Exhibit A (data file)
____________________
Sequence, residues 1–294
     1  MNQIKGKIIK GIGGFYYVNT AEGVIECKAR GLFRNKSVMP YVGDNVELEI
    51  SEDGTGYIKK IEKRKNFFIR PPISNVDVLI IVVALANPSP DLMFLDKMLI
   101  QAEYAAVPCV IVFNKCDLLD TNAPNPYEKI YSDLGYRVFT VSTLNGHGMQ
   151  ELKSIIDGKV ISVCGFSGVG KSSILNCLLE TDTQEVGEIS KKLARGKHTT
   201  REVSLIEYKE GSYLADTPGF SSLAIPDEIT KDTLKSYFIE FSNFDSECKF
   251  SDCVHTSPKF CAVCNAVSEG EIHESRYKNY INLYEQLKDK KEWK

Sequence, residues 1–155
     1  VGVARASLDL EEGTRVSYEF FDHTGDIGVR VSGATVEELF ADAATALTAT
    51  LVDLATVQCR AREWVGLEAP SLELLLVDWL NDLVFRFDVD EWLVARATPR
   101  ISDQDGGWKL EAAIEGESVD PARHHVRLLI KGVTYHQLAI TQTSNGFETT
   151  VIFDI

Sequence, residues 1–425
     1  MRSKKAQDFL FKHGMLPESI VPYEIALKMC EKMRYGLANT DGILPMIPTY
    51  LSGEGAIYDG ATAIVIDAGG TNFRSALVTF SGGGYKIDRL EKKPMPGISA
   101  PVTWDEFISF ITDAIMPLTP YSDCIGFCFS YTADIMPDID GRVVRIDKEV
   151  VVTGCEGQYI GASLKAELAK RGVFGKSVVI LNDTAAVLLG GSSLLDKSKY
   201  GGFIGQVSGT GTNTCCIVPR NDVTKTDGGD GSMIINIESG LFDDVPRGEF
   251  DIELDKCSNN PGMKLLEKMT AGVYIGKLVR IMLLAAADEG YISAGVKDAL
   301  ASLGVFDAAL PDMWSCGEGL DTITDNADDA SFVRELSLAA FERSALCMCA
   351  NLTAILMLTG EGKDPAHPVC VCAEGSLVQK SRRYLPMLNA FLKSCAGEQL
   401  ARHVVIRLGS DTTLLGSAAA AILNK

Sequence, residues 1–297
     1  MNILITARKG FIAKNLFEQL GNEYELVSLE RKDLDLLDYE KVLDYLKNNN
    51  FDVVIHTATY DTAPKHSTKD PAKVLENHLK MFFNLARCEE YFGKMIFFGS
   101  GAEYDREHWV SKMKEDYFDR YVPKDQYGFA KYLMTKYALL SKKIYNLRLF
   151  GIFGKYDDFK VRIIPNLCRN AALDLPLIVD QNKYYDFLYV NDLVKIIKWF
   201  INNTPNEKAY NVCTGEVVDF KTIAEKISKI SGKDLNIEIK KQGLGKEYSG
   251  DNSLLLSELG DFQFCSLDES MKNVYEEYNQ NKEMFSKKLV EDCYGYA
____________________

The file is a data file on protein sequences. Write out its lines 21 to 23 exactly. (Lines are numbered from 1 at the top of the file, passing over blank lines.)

   351  NLTAILMLTG EGKDPAHPVC VCAEGSLVQK SRRYLPMLNA FLKSCAGEQL
   401  ARHVVIRLGS DTTLLGSAAA AILNK

Sequence, residues 1–297